The distance to Delhi

The win in Gujarat has made the chorus louder. The steady chant of "PM, PM" that was heard all through Narendra Modi's victory speech unambiguously expressed the sentiments of his supporters. But will this expectation be realised? While it would be nave to ignore the clamour for Modi to be the BJP's prime ministerial candidate for the 2014 general elections as the desire of a small obscurantist fringe, democracy may still play spoilsport.

It is not the social composition of our society, its religious diversity (and the accompanying need to have the support of all communities), which may be the stumbling block for Modi. Rather, it is the success of the democratisation process that may stand in the way of his march to New Delhi.

Modi's hat-trick, beating the anti-incumbency factor and internal dissidence, is no mean achievement. He can rightfully own this win and take credit for it. So, it is not surprising that this is being seen as proof of his stature as a political leader, deserving recognition at the national level. But what is puzzling is that his qualities as a leader, on which his projection as PM is based, are being ignored, and the success in Gujarat is being attributed to his agenda of development.

There is no doubt that his focus on development may have made some difference, just as fear and anxiety on the part of some and the need to move forward on the part of others may also have mattered in the choices people made. But in all this, the role played by his image of a strong, decisive and authoritative leader cannot, and must not, be discounted. If we think that an authoritarian personality only appeals to social conservatives and orthodox men, then we need to think again.

In modern capitalist societies, as the well-known social theorists Theodor Adorno and Max Horkheimer pointed out, there is a deep need for and attraction towards authoritarian personalities. India is, in this respect, no exception. Capitalism may advocate a free market, but its success lies in the ability of the state to intervene and create conditions necessary for the accumulation of capital. Capitalists, therefore, look for leaders who can stand up against dissent and impose their fiat. The need for such a strong person at the helm of affairs becomes even more acute during periods of economic crisis and in the face of global competition. The Indian corporate sector knows and recognises this. Indeed, long before most, it was the big industrialists who certified Modi as the next PM. It is the success with which Modi has created pockets of safe haven for big industries that has added to his appeal and support base.

But it is not the corporate sector alone that seeks out strong men like Modi. In a world marked by anomie and social transformation, where institutions are weak, it is even "voices of reason" that seek out authoritarian personalities. Those who see things as black-and-white, who are frustrated with the way things are (the lack of law-and-order and ineffective institutions), those who want to re-establish norms in a society where the existing order is being challenged, also desire a strong leader. Restless reason, unwilling to accept its limits and impatient about quick results, is willing to back a person who has the will to discipline.

There is thus space for a person like Modi and ignoring this would be a grave error. Yet, this may not be enough. The possibility that exists and which can catapult him into the top position may not materialise.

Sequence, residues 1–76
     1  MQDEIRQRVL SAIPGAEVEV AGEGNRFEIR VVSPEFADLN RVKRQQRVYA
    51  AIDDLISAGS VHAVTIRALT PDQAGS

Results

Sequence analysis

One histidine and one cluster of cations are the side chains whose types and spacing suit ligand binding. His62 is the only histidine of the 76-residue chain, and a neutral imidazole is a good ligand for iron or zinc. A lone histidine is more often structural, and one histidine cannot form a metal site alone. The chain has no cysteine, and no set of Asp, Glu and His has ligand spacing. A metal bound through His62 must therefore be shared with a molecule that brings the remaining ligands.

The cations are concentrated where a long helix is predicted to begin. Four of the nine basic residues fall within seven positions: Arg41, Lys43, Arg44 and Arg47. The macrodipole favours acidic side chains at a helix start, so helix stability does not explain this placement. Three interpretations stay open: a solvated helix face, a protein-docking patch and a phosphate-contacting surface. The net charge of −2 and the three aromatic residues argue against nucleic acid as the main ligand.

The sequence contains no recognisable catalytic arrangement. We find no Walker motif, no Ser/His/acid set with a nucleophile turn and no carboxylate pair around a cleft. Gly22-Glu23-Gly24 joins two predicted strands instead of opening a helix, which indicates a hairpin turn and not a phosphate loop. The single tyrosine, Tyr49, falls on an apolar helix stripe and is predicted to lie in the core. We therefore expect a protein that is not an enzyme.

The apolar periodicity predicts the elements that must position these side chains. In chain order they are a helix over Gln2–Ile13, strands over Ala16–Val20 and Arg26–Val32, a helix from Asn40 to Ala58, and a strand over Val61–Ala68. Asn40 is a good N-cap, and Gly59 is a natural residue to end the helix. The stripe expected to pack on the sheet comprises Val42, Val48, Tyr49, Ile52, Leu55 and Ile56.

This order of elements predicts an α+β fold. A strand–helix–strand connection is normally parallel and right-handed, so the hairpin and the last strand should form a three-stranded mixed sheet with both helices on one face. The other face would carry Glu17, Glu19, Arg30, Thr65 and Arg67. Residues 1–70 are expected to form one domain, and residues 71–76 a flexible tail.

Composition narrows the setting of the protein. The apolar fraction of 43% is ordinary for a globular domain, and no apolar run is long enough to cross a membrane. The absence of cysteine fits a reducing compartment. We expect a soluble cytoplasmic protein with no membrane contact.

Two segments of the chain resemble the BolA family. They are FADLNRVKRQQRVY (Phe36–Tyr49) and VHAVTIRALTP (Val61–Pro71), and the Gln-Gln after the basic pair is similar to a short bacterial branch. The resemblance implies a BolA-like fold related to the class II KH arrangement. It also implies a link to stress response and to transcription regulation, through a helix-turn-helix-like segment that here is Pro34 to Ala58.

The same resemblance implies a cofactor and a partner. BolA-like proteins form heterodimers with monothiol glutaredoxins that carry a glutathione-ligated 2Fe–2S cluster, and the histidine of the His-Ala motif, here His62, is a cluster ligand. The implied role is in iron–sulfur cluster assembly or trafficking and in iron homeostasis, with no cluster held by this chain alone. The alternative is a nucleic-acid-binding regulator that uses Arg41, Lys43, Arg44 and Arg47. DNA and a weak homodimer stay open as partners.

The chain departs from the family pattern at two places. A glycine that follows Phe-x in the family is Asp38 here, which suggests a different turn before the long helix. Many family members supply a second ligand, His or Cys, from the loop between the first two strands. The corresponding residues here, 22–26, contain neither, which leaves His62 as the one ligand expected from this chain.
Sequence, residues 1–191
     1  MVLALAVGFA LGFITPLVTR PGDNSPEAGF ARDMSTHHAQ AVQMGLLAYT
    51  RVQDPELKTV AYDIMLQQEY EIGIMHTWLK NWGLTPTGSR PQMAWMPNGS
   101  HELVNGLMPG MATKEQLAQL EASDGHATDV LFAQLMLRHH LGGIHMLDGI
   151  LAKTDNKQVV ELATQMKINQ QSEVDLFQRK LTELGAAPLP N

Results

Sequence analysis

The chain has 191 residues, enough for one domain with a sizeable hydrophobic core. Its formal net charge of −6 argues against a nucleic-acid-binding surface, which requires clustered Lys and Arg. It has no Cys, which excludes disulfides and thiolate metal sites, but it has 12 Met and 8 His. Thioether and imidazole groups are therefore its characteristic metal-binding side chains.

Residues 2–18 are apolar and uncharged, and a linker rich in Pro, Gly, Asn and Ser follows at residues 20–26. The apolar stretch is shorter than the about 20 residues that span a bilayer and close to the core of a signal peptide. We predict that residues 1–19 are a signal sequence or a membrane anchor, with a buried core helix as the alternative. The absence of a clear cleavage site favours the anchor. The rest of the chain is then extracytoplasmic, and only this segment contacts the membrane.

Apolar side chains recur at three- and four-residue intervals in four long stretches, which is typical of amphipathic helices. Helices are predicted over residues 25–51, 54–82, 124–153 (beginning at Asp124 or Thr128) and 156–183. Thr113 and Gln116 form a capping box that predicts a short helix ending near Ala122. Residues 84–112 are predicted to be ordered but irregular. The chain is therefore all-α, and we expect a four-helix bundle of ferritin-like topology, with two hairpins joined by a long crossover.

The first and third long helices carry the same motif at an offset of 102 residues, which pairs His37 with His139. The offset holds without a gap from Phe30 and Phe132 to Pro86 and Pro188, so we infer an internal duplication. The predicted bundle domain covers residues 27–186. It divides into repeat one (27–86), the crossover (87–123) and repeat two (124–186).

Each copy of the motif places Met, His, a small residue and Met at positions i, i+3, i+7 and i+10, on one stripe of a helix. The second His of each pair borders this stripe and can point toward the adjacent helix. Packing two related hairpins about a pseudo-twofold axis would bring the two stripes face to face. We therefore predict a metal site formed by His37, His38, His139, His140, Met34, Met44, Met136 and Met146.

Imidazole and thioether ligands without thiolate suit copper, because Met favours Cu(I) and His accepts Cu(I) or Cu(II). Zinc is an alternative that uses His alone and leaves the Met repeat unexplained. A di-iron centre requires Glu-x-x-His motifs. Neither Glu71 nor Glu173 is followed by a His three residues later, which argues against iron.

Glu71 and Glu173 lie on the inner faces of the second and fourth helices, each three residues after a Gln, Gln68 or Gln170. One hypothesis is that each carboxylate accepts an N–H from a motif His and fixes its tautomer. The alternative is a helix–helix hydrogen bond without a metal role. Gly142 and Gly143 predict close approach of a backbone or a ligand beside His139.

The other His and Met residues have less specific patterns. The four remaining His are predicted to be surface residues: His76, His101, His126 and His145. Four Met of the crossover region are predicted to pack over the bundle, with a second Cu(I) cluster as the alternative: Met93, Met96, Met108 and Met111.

In contemporary India, democracy has engendered a process of differentiation that can make a critical difference. The appeal to the people and people's desire for a specific leader is mediated through the institution of the political party. Here, within the party, the authoritative personality that appeals to many may, in fact, be a hindrance rather than an asset to working as one-among-many.

Besides, India has a strong multi-party system. The influence of a regional party may be limited in its reach but it has deep support in its own area. There are also strong regional interests and identities, often competing with each other. So slogans of "Gujarati asmita" and (in a different context) "Marathi manus" may have only localised appeal and are unlikely to translate into, or be supplemented by, an equally compelling sentiment at the national level.

Democracy has thus created not only a differentiated public but also a pluralised public sphere. There are, in addition, several small but sustained social movements that cannot be readily squashed. Hence, while it may be relatively easier to manage dissent in Gujarat, for instance, dissent against land acquisition for industry (and dissent there must be for the BJP to lose in Sanand, the hub of the development projects), the same is not possible on an all-India scale. Governments in different states are going to follow their own agenda, and frequently in opposition to that of the Central government.

The success of Indian democracy is that it has yielded plural centres of power it has created diversity of interests, space for protests, social and political, claims of recognition, all of which create internal pulls and pressures. They require negotiation and accommodation. And for this, once again, all that makes the authoritarian personality attractive is an obstacle rather than an asset.

There are, as a consequence, deep contractions in our society. If one set of pressures are pushing for an authoritarian personality, democratisation is taking us down a different path. Herein lies the challenge for Narendra Modi. Whether he will be able to successfully reinvent himself time alone will tell. But at present his asset is also a liability on his journey to Delhi.

The writer is professor at the Centre for Political Studies, School of Social Sciences, Jawaharlal Nehru University, Delhi

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